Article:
Thanks, but the Grade 3 bolts were not used as bolts, per se. They were cut down and used as locating pins only. They are 5/8" diameter, and fit tightly into mild steel spring perches, so I figured they would suffice as dowels. What served as "pins" in the OEM setup was the 1/4" spring-pack bolts, with the nut on the bottom of the spring pack fitting loosely into 5/8" dia holes in the spring perchs. Not exactly a precision arrangement, but no evidence of any movement or wear of the thin (3/16") spring perch material stock.
If the U-Bolt pressure is significant, the pins won't even be doing anything since the friction would hold the spacers in place as they appeared to do before the spacers (albeit under less stress).
Yes, I will be carrying tools along and will be re-checking the torque on the U-Bolt nuts frequently, especially at first, and looking for any bending stretching or distortion of any of the suspension components.
The U-Bolts are 1/2"X20 threads. I was unable to find heavier hardware locally, but perhaps I can find 9/16" U-Bolts and fabricate a top plate of 3/8" steel. Someone suggested that I should have used (solid) bar stock for the blocks, or could have poured the tubing I used solid by pouring them full of melted wheel-weights through the 5/8" holes, then re-drilling the holes 1/2" deep. Those are good suggestions.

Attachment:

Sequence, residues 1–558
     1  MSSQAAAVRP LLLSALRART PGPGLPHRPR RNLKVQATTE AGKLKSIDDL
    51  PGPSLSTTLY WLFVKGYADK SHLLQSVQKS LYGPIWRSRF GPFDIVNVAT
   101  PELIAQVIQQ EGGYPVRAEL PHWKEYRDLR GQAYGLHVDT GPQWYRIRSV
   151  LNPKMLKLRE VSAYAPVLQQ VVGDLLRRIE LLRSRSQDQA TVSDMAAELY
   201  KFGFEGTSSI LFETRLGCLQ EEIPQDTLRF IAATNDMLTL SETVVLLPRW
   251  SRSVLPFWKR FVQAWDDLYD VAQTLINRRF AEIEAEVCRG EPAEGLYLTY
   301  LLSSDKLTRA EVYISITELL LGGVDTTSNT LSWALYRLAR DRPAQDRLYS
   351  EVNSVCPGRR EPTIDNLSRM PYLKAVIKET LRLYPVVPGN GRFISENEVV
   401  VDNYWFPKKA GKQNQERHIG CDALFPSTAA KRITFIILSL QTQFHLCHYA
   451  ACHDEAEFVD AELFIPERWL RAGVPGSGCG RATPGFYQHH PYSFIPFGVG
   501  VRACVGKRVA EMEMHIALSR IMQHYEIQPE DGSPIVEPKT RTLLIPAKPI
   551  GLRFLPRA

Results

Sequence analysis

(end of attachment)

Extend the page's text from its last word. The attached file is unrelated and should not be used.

I will take a good look at the spring keepers. To be honest, I didn't even consider them, but they serve a real purpose in multi-axle trailer suspensions.
As far as use, the trailer will see 95% straight highway miles with very little maneuvering. RVs live a pretty easy life compared to commercial trailers, but then they are built awfully light and shoddy, which negates the benefits of their light use.
Bottom line, I will monitor the suspension closely and upgrade the components per the suggestions here as I locate heavier duty parts.